‘Routes’ was a bilingual production in English and Punjabi based on interviews with older people who had come to Britain from the Indian Sub-Continent. It was of interest to wide audiences of different backgrounds and generations, who were curious about the experience of Asian immigrants. But it was of particular interest to audiences of Asian elders in different parts of the country where it stimulated a tremendous amount of discussion and further exchange of experience.
The show also had a very considerable appeal to audiences in other European countries. We toured the show in the Netherlands, Belgium and Germany, where most of the people who saw it didn’t speak English or Punjabi. The performances attracted many immigrants, both old and young. They responded to the show, probably because it worked very strongly through images, action and music, but also because the migrant experience portrayed in ‘Routes’ was common to many other groups of immigrants and stirred powerful emotional recognition. For example, in the Netherlands the people from the Maluccan Islands and from Surinam came to the show, in Belgium we had people from Moroccan backgrounds and in Germany the show attracted large numbers of Turkish people. A Turkish member of the audience in Cologne said, “I did not understand a word they said, but I understood everything!’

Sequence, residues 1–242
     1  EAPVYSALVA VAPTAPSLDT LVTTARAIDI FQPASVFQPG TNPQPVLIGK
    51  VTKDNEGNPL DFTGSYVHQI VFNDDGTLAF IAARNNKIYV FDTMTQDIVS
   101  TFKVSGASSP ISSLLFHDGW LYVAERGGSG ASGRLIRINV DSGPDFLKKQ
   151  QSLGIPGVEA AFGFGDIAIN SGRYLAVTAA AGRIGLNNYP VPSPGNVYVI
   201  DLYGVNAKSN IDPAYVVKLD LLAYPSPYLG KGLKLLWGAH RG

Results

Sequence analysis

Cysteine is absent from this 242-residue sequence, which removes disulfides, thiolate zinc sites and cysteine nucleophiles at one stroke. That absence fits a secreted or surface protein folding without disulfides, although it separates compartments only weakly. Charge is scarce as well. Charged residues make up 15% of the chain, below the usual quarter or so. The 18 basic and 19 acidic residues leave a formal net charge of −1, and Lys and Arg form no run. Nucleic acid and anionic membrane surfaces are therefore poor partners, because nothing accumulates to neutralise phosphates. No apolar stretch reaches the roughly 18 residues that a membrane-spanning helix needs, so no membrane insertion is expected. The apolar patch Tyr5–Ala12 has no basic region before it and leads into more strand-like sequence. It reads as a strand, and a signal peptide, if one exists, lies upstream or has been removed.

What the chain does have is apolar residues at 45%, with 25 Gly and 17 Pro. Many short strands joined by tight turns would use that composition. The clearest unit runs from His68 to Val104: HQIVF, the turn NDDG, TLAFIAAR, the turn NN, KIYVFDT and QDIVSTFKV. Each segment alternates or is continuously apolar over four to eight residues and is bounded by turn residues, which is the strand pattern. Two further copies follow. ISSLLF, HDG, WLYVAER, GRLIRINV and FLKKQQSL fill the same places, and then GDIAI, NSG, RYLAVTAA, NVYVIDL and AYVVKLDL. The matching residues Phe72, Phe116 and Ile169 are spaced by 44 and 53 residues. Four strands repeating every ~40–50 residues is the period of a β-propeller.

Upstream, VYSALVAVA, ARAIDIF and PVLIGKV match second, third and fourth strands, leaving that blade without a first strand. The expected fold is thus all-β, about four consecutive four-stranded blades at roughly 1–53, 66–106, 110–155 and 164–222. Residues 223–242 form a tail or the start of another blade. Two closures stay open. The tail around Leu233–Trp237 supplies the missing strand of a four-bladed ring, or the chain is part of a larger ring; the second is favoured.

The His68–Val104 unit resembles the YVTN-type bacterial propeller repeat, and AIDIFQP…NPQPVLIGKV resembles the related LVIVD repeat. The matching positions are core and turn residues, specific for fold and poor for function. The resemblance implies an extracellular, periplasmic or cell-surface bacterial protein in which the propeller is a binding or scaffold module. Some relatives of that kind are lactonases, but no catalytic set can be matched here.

‘Routes’ also played to children, especially in London’s multicultural schools where it triggered a great deal of written work and reflection, which the teachers greatly appreciated. Some of the children who were new immigrants saw themselves in the story; others recognized stories told by their parents and grandparents. Many older people from ethnic minority backgrounds visited schools to share their own migration experience following performances, and the show elicited a great deal of valuable follow-up work in the classroom.